An anti-imperialist cartoon. The caption reads - “Showing how Uncle Sam has been an expansionist first, last and all the time.” Victor Gilliam, Arkell Publishing Company

Soon America would confront another rising empire in Asia: Japan.

In the Philippines, the United States established military and naval bases near Manila, on the fortified island of Corregidor, and throughout the archipelago. The U.S. Army recruited Filipinos directly into its ranks in a new force, the Philippine Scouts. By the 1920s, the Scouts outnumbered regular Army soldiers in the Philippines. They were some of the best-trained and most devoted soldiers in the U.S. forces. By law, they were soldiers in the United States Army, but they were paid half what American soldiers earned, and most were barred by law from becoming officers.

Philippine Scouts drill with rifles. Sandaan: One Hundred Years of Filipinos in America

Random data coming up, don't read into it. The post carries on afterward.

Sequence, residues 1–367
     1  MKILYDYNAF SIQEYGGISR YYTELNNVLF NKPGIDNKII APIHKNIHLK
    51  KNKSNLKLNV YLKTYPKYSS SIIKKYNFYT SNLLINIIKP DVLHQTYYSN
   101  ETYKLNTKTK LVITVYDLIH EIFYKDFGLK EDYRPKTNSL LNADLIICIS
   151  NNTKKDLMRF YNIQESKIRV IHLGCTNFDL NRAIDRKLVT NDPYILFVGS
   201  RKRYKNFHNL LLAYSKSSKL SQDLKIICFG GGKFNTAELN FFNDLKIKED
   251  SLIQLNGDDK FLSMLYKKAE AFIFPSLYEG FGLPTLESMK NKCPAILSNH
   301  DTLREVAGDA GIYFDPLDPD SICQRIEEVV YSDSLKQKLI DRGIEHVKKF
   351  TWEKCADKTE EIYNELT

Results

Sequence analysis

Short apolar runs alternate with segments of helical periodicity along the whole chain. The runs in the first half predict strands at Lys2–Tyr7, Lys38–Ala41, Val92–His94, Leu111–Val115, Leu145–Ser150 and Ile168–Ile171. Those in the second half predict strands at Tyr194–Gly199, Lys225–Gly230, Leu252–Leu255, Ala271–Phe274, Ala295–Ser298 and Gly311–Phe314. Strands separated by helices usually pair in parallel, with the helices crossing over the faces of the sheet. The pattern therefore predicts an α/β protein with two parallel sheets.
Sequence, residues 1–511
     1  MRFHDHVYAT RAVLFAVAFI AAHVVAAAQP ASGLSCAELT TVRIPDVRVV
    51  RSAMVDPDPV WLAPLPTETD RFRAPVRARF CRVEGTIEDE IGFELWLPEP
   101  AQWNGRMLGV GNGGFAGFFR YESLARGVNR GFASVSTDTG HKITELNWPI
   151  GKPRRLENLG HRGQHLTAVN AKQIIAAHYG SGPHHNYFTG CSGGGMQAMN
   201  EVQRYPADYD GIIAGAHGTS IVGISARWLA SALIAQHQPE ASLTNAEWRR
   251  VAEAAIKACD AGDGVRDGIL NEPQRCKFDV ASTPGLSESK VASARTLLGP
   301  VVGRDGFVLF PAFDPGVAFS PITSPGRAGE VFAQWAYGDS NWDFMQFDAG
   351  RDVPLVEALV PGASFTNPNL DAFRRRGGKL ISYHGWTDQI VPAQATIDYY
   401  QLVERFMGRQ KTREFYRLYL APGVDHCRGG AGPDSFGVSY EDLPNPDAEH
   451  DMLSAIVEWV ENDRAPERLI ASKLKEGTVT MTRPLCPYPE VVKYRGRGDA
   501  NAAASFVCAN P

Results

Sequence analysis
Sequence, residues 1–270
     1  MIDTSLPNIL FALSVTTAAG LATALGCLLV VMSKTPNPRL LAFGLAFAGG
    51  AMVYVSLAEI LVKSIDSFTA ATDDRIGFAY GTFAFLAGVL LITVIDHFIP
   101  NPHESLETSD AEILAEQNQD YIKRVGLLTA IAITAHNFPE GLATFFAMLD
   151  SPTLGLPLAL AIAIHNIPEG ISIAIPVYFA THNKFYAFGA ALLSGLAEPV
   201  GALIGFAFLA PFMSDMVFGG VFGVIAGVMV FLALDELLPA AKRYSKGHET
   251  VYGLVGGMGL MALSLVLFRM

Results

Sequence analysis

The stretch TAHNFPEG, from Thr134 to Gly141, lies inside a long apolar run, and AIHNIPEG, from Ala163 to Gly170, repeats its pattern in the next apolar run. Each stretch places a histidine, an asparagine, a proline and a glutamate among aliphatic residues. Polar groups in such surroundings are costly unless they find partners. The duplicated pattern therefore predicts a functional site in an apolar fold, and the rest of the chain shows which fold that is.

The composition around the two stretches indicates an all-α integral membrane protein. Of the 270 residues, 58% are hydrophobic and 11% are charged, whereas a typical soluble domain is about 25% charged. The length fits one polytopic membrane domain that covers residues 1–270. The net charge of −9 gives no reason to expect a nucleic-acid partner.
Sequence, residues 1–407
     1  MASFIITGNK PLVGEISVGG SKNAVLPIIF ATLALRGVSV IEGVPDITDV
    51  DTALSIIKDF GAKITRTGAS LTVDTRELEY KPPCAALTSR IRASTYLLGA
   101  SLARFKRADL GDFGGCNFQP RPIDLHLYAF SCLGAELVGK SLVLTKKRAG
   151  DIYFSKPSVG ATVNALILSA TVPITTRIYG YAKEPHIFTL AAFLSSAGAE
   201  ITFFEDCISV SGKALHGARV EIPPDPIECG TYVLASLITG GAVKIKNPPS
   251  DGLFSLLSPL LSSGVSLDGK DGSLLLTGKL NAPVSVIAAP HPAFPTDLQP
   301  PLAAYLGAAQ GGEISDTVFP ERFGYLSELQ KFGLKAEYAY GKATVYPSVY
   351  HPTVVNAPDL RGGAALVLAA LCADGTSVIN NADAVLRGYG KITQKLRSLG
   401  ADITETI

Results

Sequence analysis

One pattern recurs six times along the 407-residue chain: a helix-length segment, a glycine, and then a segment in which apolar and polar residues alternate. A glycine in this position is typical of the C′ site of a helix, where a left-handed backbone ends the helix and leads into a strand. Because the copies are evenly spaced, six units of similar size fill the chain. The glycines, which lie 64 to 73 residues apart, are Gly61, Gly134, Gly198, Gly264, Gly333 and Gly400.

A handful of Filipino youths who attended the U.S. Military Academy at West Point did become Scout officers—including Vicente Lim, the first Filipino graduate of the USMA in 1914. During the years before 1948, all branches of the U.S. Armed Forces were segregated by race. For many years, Navy policy barred African Americans from the service, a practice of racial discrimination that ironically opened the door for Filipino sailors. Thousands of Filipinos joined the U.S. Navy in the 1920s and 1930s. Like the Philippine Scouts, they too were barred from the officer corps and restricted by law to the lowest naval ratings. Filling positions as cooks, messmen, and musicians, they kept the fleet going at sea.

Postcard of Filipinos in the U.S. Navy, 1923. U.S. Navy

Vicente Lim

February 24, 1888 – December 31, 1944

First Filipino West Point Graduate and Celebrated WWII Officer